This is pure, 100 per cent speculation, but I think that a lack of reads in the running game might have something to do with Isaiah Pead's second half struggles. Just look at the first half, second half splits for Pead. Nearly 250 more yards, more TD's and more big plays in the first half. My suspicion is that teams this year have been game planning to stop the zone read with scrape exchanges, and other techniques that muddy the read for the QB. Only to discover that there is no read and it is either a straight hand off to Pead or a designed run for Collaros, the later of which is very easy to predict based on situation and personnel groupings. For example with Zach anytime UC had a third and short with two TE personnel it was always a QB run, and it never worked.
What I suspect is that down the stretch of the season with Munchie as the QB the Zone Read will become the base of the offense. I feel this is a reasonable assertion because this is what UC went to in the running game during the second half of the West Virginia game, and it was very effective. Check out the 65 yard gash against West Virginia.
Normally I do the old frame by frame breakdown of the play. But it's not really necessary here. The only thing you really need to pay attention to with this is the mesh between Isaiah Pead and Munchie. Here it is from the top.
Do you see how far inside Najae Goode is? That is an automatic pull for the QB every single time. Its even more obvious from the field level.
Munchie knows the moment that he begins that ride that he is going to pull it, but watch how long he holds the ride.
That extra half a second leaves good completely flat footed so that when Munchie does finally pull it he has no chance to make a play and as the first screen cap shows there is absolutely no one in the middle of the field.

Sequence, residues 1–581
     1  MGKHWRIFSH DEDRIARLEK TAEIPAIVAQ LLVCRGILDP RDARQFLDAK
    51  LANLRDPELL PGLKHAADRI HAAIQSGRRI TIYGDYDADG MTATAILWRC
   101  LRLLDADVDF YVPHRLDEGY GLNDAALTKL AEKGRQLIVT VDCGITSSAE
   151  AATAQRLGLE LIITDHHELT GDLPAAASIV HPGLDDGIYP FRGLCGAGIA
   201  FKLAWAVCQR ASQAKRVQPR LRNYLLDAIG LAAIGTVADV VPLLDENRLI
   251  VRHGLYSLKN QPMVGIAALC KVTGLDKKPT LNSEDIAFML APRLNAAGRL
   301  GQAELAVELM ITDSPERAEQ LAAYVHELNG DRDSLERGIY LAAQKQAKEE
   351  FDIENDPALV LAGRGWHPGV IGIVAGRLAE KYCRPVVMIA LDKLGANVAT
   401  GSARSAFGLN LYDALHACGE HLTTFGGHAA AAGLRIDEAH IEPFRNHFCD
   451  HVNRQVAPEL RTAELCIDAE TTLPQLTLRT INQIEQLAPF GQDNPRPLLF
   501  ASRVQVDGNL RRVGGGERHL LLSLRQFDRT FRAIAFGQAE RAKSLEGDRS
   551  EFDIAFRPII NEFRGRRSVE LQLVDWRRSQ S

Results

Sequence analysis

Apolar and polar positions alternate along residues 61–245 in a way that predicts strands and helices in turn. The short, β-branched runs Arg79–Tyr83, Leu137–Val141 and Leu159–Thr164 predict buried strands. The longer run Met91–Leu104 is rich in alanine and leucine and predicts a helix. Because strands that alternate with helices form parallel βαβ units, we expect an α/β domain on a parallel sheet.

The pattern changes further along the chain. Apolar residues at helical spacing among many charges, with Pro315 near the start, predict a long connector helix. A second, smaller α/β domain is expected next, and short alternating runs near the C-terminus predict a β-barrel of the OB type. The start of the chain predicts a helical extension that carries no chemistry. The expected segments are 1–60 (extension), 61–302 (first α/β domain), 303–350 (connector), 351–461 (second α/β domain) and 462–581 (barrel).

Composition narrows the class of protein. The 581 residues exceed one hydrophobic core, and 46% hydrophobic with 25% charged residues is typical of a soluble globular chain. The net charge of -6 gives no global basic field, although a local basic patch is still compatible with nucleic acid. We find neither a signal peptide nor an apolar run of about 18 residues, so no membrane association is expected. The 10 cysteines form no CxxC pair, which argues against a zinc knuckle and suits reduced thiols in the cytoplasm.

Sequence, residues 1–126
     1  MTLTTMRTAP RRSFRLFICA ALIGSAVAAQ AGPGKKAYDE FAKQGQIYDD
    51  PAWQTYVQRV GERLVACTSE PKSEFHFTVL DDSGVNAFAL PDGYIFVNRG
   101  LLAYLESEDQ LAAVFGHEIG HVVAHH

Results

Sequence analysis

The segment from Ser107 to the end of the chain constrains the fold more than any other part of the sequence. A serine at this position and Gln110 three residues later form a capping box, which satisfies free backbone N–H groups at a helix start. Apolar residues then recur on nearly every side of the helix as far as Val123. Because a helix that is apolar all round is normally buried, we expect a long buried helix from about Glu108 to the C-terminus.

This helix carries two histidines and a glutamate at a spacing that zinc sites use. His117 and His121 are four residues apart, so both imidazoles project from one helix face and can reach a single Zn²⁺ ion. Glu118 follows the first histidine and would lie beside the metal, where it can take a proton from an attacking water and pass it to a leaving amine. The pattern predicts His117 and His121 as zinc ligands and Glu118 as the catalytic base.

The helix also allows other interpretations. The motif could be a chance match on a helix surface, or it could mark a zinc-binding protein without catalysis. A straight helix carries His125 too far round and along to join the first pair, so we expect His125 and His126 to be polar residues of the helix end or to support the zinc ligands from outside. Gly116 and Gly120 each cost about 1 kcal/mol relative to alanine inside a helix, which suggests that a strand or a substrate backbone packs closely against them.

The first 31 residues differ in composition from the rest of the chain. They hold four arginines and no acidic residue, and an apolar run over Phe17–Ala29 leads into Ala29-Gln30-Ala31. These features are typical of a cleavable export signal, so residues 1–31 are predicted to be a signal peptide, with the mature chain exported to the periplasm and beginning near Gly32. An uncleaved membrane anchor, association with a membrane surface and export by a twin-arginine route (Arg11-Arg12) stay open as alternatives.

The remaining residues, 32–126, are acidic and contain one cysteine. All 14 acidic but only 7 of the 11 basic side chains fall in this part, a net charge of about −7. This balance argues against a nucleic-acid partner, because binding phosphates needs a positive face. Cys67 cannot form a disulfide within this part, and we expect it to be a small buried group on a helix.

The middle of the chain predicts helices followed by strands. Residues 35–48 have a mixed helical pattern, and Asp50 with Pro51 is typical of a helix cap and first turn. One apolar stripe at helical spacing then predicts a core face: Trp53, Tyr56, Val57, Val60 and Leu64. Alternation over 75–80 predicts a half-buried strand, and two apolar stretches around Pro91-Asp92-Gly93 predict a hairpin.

This play really put the West Virginia defense on edge for the remainder of the game. Take a look at Isaiah Pead's second touchdown of the game Staurday and again pay attention to the the backside of the play and how much respect the defense gives to Munchies running ability.
I fully expect to see the same base offense against Rutgers that Jones and co drew up at halftime of the West Virginia game. But with a week to add some wrinkles and refine techniques it should be even more potent, which is saying something. The Munchie led Bearcats put 214 yards of total offense on the board against West Virginia, 100 yards of which came rushing the Football. UC is a balanced offense, has been all season long, and I don't expect UC to baton down the hatches and play a really conservative offense with Munchie. But I do expect UC to run a lot because that's what the offensive line is good at, oh and Isaiah Pead is exceptional and Munchie is pretty athletic to and finally I expect UC to run because Rutgers is terrible against the run. The Scarlet Knights have given up 200+ rushing yards in 3 straight games. Butch Jones is a smart guy. He knows that UC has the horses to make that 4 in a row.